# ECODOWN - Editorial

Problem Link : CodeChef: Practical coding for everyone

Using Basic Mathematics, equation can be converted as :

F(x) = F(x-1) + F(x-2) + F(x-1)*F(x-2)

F(x) = F(x-1) + F(x-2) + F(x-1)*F(x-2) + 1 – 1

F(x) = ( F(x-1) + 1 ) * (F(x-2) + 1 ) - 1

F(x) + 1 = ( F(x-1) + 1 ) * (F(x-2) + 1 )

Let G(x) = F(x) + 1

G(x) = G(x-1) * G(x-2)

Now in question F(0) = a , F(1) = b;

G(0) = a + 1

G(1) = b + 1

G(2) = (a + 1)*(b + 1)

G(3) = (G(2) * G(1)) = (a + 1)(b + 1)(b + 1)

G(4) = ((a + 1)^2) * ((b + 1)^3)

G(5) = ((a + 1)^3) * ((b + 1)^5)

On observation,

for any k, G(k) = ((a + 1)^( (Kth – 1) fibonaci number)) * ((b + 1)^(Kth fibonaci number)

Now the question reduces to calculate the power of a number

Since the bibonaci number is very large, Even the 100th fibonaci numbe has 21 digits so we cant the the fibonaci number

We have heard about fermat little theorem,

It states that

(a^(p-1) ) % p = 1 where p is a prime number

From quotient remainder theorem:

fib( n ) = k * (p-1) + (fib(n) % (p – 1))

Now using this :

( c^( fib(n) ) ) % p = ( c^((k)*(p-1)) ) % p * ( c ^ (fib(n) % (p – 1))) % p

can be written as : X = Y * Z

Z can be easily calculated as (fib(n) % (p – 1)) can be easily store in int datatype

Y = 1 using fermat therorem

Nth fibo num can be calculated using Matrix Exponentaion.

#include<bits/stdc++.h>
using namespace std;
#define ll long long int
#define MOD 1000000007

ll power(ll a, ll b){
if(b == 0){
return 1;
}
ll temp = power(a, b/2);
temp = (temp*temp)%MOD;
if(b % 2 != 0){
temp = temp * a;
}
return temp%MOD;
}

// matrix expo to calculate nth fibo in log n time
ll fib(ll n){
if(n == 0 || n == 1 || n == 5){
return n;
}
if(n == 2){
return 1;
}
n = n - 1;
ll a[2][2] = {1,1,1,0};
ll ans[2][2] = {1,0,0,1};
ll temp[2][2];
ll mod = MOD-1, i , j , k;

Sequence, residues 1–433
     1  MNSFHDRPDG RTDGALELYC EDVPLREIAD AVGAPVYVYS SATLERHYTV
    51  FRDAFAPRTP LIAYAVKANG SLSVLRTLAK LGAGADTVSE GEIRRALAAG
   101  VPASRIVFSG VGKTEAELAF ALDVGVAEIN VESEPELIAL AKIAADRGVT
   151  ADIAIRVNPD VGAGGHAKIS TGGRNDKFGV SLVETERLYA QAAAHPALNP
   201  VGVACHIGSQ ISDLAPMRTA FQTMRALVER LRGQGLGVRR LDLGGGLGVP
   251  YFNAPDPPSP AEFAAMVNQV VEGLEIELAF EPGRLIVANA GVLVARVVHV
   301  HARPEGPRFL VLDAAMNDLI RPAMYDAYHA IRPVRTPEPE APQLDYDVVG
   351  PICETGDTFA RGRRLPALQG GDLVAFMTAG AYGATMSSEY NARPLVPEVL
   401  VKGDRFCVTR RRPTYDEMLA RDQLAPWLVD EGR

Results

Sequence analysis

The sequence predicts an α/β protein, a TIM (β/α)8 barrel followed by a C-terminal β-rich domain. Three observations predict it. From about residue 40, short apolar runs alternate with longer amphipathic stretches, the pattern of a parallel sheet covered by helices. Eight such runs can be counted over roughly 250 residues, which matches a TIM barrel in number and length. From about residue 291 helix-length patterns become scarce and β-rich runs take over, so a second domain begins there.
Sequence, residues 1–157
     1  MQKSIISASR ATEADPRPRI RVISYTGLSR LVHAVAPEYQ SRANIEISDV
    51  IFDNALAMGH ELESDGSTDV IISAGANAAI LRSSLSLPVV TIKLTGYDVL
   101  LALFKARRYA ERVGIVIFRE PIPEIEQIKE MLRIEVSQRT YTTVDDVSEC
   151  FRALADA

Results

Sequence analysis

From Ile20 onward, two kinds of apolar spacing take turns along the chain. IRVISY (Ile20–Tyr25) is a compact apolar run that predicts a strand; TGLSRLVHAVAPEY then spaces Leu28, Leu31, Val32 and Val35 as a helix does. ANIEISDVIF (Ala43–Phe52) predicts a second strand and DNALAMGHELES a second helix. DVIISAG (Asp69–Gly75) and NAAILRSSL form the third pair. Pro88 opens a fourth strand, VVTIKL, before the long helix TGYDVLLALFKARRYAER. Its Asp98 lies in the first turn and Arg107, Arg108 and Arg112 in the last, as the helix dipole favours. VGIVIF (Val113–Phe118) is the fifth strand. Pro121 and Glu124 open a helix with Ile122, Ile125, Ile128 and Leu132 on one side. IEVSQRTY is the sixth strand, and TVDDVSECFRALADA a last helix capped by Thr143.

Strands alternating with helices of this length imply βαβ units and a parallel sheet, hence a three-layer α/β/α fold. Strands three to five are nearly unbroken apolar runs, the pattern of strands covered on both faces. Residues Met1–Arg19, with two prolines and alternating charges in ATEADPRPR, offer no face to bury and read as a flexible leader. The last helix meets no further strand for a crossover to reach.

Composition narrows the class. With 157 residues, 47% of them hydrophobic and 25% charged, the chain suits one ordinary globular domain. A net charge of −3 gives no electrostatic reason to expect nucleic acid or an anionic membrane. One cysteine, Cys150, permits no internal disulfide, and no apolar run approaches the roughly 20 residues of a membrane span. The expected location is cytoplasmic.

while(n){
if(n % 2 != 0){
for(i = 0; i < 2; i++){
for(j = 0; j < 2; j++){
temp[i][j] = 0;
for(k = 0 ; k < 2; k++){
temp[i][j] += a[i][k] * ans[k][j];
temp[i][j] %= mod;
}
}
}
for (i = 0; i < 2; i++)
{
for (j = 0; j < 2; j++)
{
ans[i][j] = temp[i][j];
}
}
}
for(i = 0; i < 2; i++){
for(j = 0; j < 2; j++){
temp[i][j] = 0;
for(k = 0; k < 2; k++){
temp[i][j] += a[i][k]*a[k][j];
temp[i][j] %= mod;
}
}
}
for(i = 0 ; i < 2; i++){
for(j = 0; j < 2; j++){
a[i][j] = temp[i][j];
}
}
n >>= 1;
}
return ans[0][0];

}
int main(){
ll test;
cin >> test;
while(test--){
ll a, b, n, c;
cin >> a >> b >> n;
if(n == 0){
cout << a << endl;
}
else if( n == 1){
cout << b << endl;
}
else{
ll x = fib(n-1);
ll y = fib(n);
c = power(a+1, x)* power(b+1, y);
c--;
c = c%MOD;
c = (c + MOD)%MOD;
cout << c << endl;

}

}
return 0;
}

5 Likes

hello, could you help me to find out why I am getting TLE it looks good to me. I am using matrix Exponentiation
https://www.codechef.com/viewsolution/31890875

Your code is correct, but the implementation is slow.
There are two ways to fix it. Either do one matrix expo and calculate both fib(n-1) and fib(n-2) or precalculate \begin{bmatrix} 0 & 1 \\ 1 & 1\end{bmatrix}^{2^n}.
I calculated them both together and you can see the implementation here.
https://www.codechef.com/viewsolution/31891149

Also, you are using too many modulo operations.
I tried optimising it but it’s still not fast enough.